The Importance of Magnesium in Horse Diets

The Importance of Magnesium in Horse Diets

Last Updated on February 19, 2022 by Allison Price

Magnesium, a vital micromineral is being recommended more often by veterinarians for horse treatment. What is the purpose of magnesium for horses?

Magnesium plays a variety of roles in the body. Magnesium is one of the most important minerals found in bone. The skeleton contains up to 60% of magnesium, while only 30% is available for mobilization when it is needed elsewhere. Over 300 enzyme reactions involve magnesium, including the creation of cellular energy as well as decoding genetic information. It is involved in nerve transmission and muscle contracting. Understanding the role of magnesium and muscle relaxation is key to understanding subclinical symptoms which may indicate that supplementation might be required.

The body tries to balance magnesium within and outside of cells. Extracellular fluid contains only 1% of magnesium, which makes it difficult to test blood for magnesium deficiencies. Although a gross magnesium deficiency could prove to be fatal, it is rare in horses. Supplemental magnesium is used to treat subclinical deficiencies. These are the ones that are hard to detect but are easily treated.

The Importance of Magnesium in Horse Diets

Magnesium can be found in different amounts in grains and forages. Concentrate feeds can contain additional magnesium depending on how much is in the other ingredients. Magnesium availability in forages will depend on the amount of indigestible fibre and presence of oxalates. You can either get supplemental magnesium in the form of magnesium sulfate, magnesium oxide, or organic (chelated magnesium). Magnesium oxide, which has a 50% absorption rate, is the most common source. Magnesium oxide has the advantage that it cannot be absorbed by the body if it is not deficient. This makes it difficult to give too much magnesium oxide to horses. Magnesium sulfurate (Epsom salt), which is also available for horse absorption, can also be used. However, it can cause diarrhea and draw water into the bowel, so it is not recommended to be used daily.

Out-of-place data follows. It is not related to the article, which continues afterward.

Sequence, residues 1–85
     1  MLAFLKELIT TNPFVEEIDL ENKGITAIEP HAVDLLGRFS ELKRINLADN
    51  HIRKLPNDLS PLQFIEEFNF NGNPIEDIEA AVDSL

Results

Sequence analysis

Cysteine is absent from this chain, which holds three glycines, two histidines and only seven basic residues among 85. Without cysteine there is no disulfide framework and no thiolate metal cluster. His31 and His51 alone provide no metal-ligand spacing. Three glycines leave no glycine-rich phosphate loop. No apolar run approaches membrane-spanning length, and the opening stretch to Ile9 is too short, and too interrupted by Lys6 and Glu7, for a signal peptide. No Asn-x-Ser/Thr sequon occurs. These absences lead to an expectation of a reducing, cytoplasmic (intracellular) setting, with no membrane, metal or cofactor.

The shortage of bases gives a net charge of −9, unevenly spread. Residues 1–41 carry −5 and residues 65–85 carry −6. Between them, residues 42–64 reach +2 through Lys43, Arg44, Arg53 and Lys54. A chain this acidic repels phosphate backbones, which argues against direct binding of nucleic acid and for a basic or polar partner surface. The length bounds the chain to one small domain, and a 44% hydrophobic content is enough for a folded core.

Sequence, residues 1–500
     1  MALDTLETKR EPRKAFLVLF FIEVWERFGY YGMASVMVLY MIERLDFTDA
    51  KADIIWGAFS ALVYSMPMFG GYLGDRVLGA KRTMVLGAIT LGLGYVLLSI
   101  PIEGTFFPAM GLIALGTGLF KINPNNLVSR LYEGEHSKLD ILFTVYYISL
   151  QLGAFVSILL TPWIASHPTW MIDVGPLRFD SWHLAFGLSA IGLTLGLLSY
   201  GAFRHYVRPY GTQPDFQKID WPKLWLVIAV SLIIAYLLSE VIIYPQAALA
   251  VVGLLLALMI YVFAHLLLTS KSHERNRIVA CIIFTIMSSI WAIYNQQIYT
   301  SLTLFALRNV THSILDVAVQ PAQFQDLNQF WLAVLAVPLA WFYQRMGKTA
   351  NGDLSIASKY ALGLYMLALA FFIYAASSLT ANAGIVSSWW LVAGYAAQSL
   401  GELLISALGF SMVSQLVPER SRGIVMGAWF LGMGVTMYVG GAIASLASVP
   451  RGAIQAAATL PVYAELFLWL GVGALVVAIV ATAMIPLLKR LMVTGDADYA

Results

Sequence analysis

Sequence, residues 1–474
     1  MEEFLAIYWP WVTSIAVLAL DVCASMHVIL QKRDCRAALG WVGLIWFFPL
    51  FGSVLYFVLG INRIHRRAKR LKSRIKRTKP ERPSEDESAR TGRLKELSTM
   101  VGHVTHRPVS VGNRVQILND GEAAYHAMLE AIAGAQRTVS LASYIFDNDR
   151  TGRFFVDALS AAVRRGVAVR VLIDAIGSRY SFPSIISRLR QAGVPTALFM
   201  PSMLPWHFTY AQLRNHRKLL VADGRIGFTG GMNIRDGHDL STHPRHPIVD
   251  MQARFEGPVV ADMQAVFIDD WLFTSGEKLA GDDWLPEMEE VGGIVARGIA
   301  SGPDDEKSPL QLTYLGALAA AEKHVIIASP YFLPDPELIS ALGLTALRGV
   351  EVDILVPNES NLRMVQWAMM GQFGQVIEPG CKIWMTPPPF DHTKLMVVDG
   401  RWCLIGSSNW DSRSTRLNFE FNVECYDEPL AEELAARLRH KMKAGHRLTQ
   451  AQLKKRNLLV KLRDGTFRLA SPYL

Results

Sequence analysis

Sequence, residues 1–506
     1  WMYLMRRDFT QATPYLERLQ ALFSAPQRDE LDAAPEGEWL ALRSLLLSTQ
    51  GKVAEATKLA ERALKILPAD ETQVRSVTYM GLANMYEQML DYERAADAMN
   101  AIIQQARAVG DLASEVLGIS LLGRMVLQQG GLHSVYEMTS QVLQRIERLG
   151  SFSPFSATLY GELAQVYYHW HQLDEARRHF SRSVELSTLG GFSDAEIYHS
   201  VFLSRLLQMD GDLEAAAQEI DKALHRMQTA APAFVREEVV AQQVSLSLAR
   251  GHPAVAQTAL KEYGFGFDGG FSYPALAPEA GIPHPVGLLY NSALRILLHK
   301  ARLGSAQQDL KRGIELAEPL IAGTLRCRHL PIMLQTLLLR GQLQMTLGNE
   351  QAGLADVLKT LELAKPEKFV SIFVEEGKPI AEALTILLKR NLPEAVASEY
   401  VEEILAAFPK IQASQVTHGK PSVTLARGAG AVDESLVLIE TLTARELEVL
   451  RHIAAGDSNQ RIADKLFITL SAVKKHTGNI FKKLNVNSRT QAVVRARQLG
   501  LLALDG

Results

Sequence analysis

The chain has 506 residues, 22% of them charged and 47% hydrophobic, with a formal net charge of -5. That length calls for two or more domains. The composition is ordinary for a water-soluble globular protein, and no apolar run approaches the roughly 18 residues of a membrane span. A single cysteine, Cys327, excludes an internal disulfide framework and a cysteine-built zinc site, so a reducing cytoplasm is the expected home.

Magnesium protects against inflammation and free radical damage. The protective role of magnesium in protecting against endotoxins is a promising link in veterinary medicine. Low blood magnesium levels in horses suffering from colic or laminitis, which can lead to endotoxin release and/or laminitis, are common. Treatment with magnesium may be possible to reduce the damage.

Magnesium could play a role insulin resistance and the equine metabolic disorder. Although the link between magnesium deficiency and diabetes in humans has been established, it has not yet been confirmed in horses. Scientists know that insulin can modulate magnesium movement from intracellular toextracellular tissues. They also know that blood magnesium levels rise after eating high amounts of starch or sugar. This indicates that magnesium is involved in insulin’s ability to remove glucose from the blood. A low magnesium level in a cell can lead to impaired carbohydrate metabolism, which will result in insulin resistance. There have been some reports from horses that supplemental magnesium improved insulin resistance and reduced the neck fat linked to the disease. However, a recent research showed no benefit to feeding magnesium and chromium supplements to insulin-resistant horses.

Calcium and magnesium act in a negative way within the muscle. Magnesium causes muscle contraction while calcium induces relaxation. Muscles can spasm if there isn’t enough magnesium. Low magnesium levels in muscle tissue could be due to a genetic disorder. However, some horses have reported that magnesium supplementation has been effective in treating chronic tying up.

Synchronous diaphragmatic flapping can be caused by magnesium deficiency. Synchronous diaphragmatic Flutter is characterized by spasmodic contractions in the diaphragm. It’s most common in endurance horses who have electrolyte imbalances. This condition is also called thumps. The treatment with magnesium and calcium can speed up recovery.

Horses with severe magnesium deficiencies such as those seen in grass tetany in cattle are uncommon, but they have been documented.

Because magnesium plays a role in nerve excitability as well as muscle contraction, calming supplements often contain it. There is also a suspicion that nervousness could be due to low magnesium levels. The behavior of some horses may be affected by magnesium aspartate, according to research from Charles Sturt University in Australia.

The diet should reflect the balance between calcium and magnesium. It is best to keep the ratio of calcium and magnesium between 2.5:1 and 3:1. The horse’s typical diet will contain sufficient calcium and magnesium. Supplementation with magnesium should be considered if necessary.

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